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Summer Astrobiology Roundup #1: How Mars Lost Its Swagger

The views expressed are those of the author and are not necessarily those of Scientific American.


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Young Mars, old Mars? (Original image: NASA)

 

 

 

 

 

 

 

 

Summer on our northern hemisphere, and human life slows a little, for some. Science carries on though, and there have been a number of fascinating discoveries and studies hitting the wires in recent weeks.

#1 How Mars lost its swagger…and atmosphere.
Sometimes it’s good to reconfirm a suspicion. The Curiosity rover’s Sample Analysis at Mars (SAM) laboratory has been sniffing for the isotopic composition of the tenuous martian air. Earlier measurements of the proportions of isotopes like carbon-12 and carbon-13, oxygen 16, 17, and 18, or hydrogen and deuterium, have shown an enhancement in the heavier atomic nuclei compared to what would be expected from the primordial composition of the planet. It’s a very particular signature, seen even in tiny ‘bubbles’ of atmosphere trapped in martian meteorites collected here on Earth. Now SAM’s mass spectrometer and laser spectrometer have both confirmed a ‘heavy’-skewed isotopic ratio in the atmosphere.

The most plausible physical cause is that over the past 4.6 billion years Mars has been shedding the lighter isotopes into space – leaving the heavier behind. Lighter atoms are more likely to escape from the top of the atmosphere – where particles stop bumping into each other so often, and effectively zoom around on ballistic trajectories. The less mass an atom or molecule has, the greater the chances it has of moving with escape velocity, and being boosted, or ‘sputtered’, off to space by solar wind protons or other radiation.

In fact, it looks like the majority of the loss had probably already taken place by 4 billion years ago, just 600 million years or so after Mars formed. Young Mars could have therefore had a thick atmosphere and a robust greenhouse effect to keep liquid water flowing on its surface – which would be consistent with a wealth of other evidence for a wet and warm history.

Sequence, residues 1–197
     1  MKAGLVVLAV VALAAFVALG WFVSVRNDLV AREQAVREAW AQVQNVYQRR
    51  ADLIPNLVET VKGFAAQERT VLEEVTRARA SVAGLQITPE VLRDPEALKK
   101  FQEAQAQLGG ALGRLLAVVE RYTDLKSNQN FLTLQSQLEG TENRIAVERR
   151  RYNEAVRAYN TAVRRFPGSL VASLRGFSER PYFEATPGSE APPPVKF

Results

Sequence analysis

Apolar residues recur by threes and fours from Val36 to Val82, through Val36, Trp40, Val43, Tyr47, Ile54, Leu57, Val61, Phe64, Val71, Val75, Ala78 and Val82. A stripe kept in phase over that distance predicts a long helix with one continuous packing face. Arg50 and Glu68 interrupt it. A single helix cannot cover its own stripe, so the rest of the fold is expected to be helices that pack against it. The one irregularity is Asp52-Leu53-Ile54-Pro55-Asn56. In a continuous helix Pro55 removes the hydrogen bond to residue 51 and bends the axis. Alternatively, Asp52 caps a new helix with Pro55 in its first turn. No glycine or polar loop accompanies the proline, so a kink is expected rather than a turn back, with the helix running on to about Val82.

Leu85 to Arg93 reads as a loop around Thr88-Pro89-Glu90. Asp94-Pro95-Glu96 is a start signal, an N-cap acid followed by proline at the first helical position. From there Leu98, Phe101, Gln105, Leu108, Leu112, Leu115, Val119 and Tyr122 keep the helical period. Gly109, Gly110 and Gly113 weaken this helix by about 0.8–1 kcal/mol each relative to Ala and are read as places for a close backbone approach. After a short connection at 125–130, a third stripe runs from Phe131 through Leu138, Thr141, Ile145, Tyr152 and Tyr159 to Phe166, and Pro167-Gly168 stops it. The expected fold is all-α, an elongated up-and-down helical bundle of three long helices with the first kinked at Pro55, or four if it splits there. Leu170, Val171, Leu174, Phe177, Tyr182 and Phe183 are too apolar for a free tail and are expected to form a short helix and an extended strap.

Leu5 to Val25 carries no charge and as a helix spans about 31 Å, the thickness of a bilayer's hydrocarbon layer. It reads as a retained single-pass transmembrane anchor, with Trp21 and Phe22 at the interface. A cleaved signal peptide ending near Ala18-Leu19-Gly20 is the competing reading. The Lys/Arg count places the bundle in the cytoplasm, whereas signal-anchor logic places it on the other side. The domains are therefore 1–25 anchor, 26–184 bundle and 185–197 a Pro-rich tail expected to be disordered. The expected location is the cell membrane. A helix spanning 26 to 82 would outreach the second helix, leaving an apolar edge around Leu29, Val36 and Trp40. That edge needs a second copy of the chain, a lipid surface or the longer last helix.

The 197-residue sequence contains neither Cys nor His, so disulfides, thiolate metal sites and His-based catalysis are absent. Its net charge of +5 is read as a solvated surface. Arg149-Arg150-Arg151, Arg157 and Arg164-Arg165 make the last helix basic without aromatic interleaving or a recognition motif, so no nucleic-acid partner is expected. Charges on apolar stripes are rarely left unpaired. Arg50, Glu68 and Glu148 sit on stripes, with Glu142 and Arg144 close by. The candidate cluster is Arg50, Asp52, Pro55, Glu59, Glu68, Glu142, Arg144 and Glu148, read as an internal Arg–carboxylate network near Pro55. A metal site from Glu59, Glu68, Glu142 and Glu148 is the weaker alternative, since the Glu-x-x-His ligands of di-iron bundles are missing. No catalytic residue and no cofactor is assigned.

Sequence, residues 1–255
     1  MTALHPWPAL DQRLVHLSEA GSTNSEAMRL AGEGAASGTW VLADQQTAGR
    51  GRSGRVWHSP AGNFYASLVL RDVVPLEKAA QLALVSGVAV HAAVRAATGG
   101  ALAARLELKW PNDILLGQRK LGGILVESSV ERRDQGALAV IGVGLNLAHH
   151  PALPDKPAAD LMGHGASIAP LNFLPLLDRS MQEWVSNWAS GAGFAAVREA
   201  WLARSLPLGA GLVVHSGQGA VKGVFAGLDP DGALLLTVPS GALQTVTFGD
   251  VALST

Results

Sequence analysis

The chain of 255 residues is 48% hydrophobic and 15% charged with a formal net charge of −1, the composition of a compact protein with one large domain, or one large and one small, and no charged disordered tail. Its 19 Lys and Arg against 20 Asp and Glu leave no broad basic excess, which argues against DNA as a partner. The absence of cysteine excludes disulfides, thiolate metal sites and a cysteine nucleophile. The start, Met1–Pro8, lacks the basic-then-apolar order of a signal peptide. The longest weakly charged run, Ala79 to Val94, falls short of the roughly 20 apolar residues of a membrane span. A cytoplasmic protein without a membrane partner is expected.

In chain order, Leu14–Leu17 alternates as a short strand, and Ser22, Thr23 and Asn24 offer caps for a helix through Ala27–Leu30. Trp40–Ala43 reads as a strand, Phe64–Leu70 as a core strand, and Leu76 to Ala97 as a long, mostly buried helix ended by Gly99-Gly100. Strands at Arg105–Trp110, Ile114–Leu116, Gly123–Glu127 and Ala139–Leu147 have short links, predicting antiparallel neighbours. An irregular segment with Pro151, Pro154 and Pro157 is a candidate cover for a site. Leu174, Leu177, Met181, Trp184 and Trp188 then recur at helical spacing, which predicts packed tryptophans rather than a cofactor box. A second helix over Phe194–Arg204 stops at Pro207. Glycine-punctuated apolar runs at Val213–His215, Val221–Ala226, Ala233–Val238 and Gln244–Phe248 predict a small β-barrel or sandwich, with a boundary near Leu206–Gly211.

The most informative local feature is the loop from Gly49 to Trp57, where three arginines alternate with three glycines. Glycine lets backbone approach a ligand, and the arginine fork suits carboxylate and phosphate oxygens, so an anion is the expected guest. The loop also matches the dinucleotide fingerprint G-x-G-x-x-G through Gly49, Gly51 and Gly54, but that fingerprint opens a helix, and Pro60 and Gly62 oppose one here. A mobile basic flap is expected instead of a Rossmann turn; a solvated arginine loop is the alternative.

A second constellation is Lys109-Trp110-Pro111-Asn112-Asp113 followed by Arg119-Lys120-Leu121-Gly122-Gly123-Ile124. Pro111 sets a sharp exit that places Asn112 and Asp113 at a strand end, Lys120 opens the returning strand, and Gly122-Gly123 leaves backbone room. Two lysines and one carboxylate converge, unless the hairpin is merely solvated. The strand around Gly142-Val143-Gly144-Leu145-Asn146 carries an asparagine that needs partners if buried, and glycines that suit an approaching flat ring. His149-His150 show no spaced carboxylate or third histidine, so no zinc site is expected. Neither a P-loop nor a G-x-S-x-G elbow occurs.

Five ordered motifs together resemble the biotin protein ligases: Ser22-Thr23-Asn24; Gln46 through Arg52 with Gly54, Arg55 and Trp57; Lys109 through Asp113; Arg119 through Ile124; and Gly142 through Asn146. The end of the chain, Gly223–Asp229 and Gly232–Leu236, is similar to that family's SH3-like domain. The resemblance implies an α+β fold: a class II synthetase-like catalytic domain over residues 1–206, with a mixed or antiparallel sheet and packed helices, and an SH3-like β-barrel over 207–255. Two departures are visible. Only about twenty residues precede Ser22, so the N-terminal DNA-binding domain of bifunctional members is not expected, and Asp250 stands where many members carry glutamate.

It’s possible that some of this quick atmospheric loss was due to the lack of, or early demise of, a strong planetary magnetic field. There’s evidence that this kind of magnetism used to exist, but it seems that it may have vanished when the planet was only some 500 million years old.

By contrast, here on Earth, our long-lived field helps stave off the erosive effects of solar particle radiation and lets us maintain our nice thick atmosphere. Why didn’t Mars keep its magnetic field? We don’t know, but there has been speculation that something switched off its internal planetary dynamo – possibly even an asteroid impact or two.

These new measurements also help set the stage for NASA’s next Mars mission, the Mars Atmosphere and Volatile Evolution Mission (MAVEN), due to launch sometime in late November or early December 2013, and arrive at Mars in September 2014. MAVEN’s task is to measure today’s atmospheric loss on Mars. It will also dip to an altitude of just 80 miles to directly sample the composition of the upper atmosphere, and monitor the interaction of solar radiation with the martian environment.

The information MAVEN gathers will help us understand Mars today, but more importantly how Mars has evolved over the past several billion years. It will also represent a critical piece of ‘ground truth’ as we continue to study smaller and smaller exoplanets, many of which may be more like Mars than they are like the Earth.

Caleb A. Scharf About the Author: Caleb Scharf is the director of Columbia University's multidisciplinary Astrobiology Center. He has worked in the fields of observational cosmology, X-ray astronomy, and more recently exoplanetary science. His books include Gravity's Engines (2012) and The Copernicus Complex (2014) (both from Scientific American / Farrar, Straus and Giroux.) Follow on Twitter @caleb_scharf.

The views expressed are those of the author and are not necessarily those of Scientific American.





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  1. 1. David Cummings 12:20 pm 07/22/2013

    Is there any reason to think that a long-lived strong magnetic field is rarer on rocky planets than short-lived or no magnetic fields?

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  2. 2. Owl905 9:01 pm 07/22/2013

    Hopefully a consortium will put a mission together that tries to resolve the missing magnetic field puzzle. It may be more important than expensive missions looking for life. That life may never have existed because Mars had already self-destructed the conditions to generate life.

    One of the big mysteries is the common-sense expectation of ubiquitous life in the universe. But the practical observation is absolute silence and a complete lack of evidence. The longer the blank extends, the greater the possibility that our biosphere is an incredible anomaly.

    Pity Von Daniken never found anything that stood up. Common sense says alien robotic probes should have been scoping out our planet like ants at a picnic.

    Link to this
  3. 3. Caleb A. Scharf in reply to Caleb A. Scharf 6:35 am 07/23/2013

    Re the longevity of magnetic fields. My understanding is that there is at present no complete theory of planetary dynamos (the internal motions of liquid/gaseous material that can generate magnetic fields) but that the expectation is that a dynamo in a rocky planet is more likely than not (i.e. cores can get spun up during formation) – except that there seem to be ways to stop it (e.g. major asteroid collisions etc). We really have no way to know if our solar system is typical or atypical in terms of the magnetic fields of rocky planets.

    Link to this

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